Islamist militias aligned with Libya's Muslim Brotherhood have mounted their most serious counter-offensive yet against forces loyal to General Khalifa Belqasim Haftar in a series of attacks in Tripoli and Benghazi. Clashes at Tripoli International Airport saw 47 people killed and 20 aircraft badly damaged. Later, a suicide bomb exploded at a Haftar position in Benghazi. Haftar, a retired General and Armed Forces Chief of Staff under Colonel Moammar el Gadaffi, has been waging a campaign against Islamist forces in Benghazi and planning to attack Islamists all over the country.


Peace at risk

The government is clamping down on elements within its former coalition partner, the mainly Tutsi Union pour le progrès national (Uprona) because of their opposition to President Pierre Nkurunziza's attempts to run for a third term of office in July 2015 and alter other parts of the constitution. Although Nkurunziza narrowly lost a vote to amend the constitution to allow him to stand again, he can try again – but not until March 2015. The United Nations has also expressed 'deep concern' about the political and security situation. Many years of civil war were brought to an uneasy end in 2000 with the Arusha Accords but widespread peace only took hold in 2006. The Accords set out power-sharing protocols between the Hutu and Tutsi communities, including ethnic quotas for government jobs.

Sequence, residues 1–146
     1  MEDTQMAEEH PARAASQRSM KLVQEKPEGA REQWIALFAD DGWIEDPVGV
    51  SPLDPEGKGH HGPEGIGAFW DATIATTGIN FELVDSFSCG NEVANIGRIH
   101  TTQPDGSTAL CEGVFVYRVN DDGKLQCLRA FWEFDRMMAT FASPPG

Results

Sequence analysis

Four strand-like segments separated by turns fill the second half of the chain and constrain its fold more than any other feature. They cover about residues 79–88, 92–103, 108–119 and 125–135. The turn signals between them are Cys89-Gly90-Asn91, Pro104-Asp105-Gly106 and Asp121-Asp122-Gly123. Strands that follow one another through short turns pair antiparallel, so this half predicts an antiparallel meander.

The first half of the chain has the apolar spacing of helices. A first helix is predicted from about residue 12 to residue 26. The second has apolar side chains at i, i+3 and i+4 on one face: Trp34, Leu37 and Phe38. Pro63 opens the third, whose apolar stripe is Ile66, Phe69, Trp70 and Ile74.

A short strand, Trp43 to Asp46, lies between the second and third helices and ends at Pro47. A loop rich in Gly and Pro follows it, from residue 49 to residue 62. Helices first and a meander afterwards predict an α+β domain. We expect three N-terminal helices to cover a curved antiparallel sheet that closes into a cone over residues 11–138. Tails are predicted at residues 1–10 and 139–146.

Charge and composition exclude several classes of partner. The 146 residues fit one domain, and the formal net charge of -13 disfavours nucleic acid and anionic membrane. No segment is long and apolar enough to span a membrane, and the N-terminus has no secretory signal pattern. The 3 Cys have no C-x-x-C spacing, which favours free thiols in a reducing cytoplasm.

After the amnesty, more amnesty

The environmental devastation, lawlessness and grand corruption have not stopped in the oil-producing Niger Delta but the situation looks far less forbidding when set against the horrific insurgency in the north-east. The callous distinction between the two crises is that the Delta militancy, unlike that in the north, has the ability to inflict speedy and crippling economic damage. Sceptical northern politicians say that if Nigeria's oilfields had been in Borno State, the insurgency would have been met with the level of force that military governments of the 1990s deployed in the Delta.


The Jonathan surge

Despite a security crisis and a poor public image, President Goodluck Jonathan's People's Democratic Party has engineered a startling political recovery. Much of the turnaround is the responsibility of the new PDP Chairman, Adamu Mu'azu, a presidential contender in the 2007 elections, who has knitted together the party's rival factions and deployed ruthless tactics. The PDP is accused of fixing impeachment votes against its enemies and has mounted a no-holds-barred campaign to associate the opposition All Progressives Congress (APC) with Islamist extremism in the public mind.